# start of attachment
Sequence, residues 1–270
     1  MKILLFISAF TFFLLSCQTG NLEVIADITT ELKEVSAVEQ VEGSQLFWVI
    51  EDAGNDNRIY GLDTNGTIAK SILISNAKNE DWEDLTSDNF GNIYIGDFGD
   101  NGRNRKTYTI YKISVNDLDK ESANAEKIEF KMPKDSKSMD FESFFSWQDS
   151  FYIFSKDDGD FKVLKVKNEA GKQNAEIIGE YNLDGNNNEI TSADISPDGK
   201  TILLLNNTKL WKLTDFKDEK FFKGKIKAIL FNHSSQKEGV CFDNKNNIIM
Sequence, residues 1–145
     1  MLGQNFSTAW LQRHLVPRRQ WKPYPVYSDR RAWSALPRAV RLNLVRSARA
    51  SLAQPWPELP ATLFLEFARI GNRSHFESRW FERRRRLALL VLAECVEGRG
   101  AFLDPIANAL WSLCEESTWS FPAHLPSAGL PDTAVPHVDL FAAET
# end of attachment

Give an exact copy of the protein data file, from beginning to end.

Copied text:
Sequence, residues 1–270
     1  MKILLFISAF TFFLLSCQTG NLEVIADITT ELKEVSAVEQ VEGSQLFWVI
    51  EDAGNDNRIY GLDTNGTIAK SILISNAKNE DWEDLTSDNF GNIYIGDFGD
   101  NGRNRKTYTI YKISVNDLDK ESANAEKIEF KMPKDSKSMD FESFFSWQDS
   151  FYIFSKDDGD FKVLKVKNEA GKQNAEIIGE YNLDGNNNEI TSADISPDGK
   201  TILLLNNTKL WKLTDFKDEK FFKGKIKAIL FNHSSQKEGV CFDNKNNIIM
Sequence, residues 1–145
     1  MLGQNFSTAW LQRHLVPRRQ WKPYPVYSDR RAWSALPRAV RLNLVRSARA
    51  SLAQPWPELP ATLFLEFARI GNRSHFESRW FERRRRLALL VLAECVEGRG
   101  AFLDPIANAL WSLCEESTWS FPAHLPSAGL PDTAVPHVDL FAAET